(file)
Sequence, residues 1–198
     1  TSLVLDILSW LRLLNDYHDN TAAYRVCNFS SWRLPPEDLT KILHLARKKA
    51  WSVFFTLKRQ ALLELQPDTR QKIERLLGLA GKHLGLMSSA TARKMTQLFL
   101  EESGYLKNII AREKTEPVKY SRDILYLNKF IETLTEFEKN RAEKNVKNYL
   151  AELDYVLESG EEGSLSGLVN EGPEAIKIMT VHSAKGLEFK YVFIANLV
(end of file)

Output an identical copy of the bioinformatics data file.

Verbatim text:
Sequence, residues 1–198
     1  TSLVLDILSW LRLLNDYHDN TAAYRVCNFS SWRLPPEDLT KILHLARKKA
    51  WSVFFTLKRQ ALLELQPDTR QKIERLLGLA GKHLGLMSSA TARKMTQLFL
   101  EESGYLKNII AREKTEPVKY SRDILYLNKF IETLTEFEKN RAEKNVKNYL
   151  AELDYVLESG EEGSLSGLVN EGPEAIKIMT VHSAKGLEFK YVFIANLV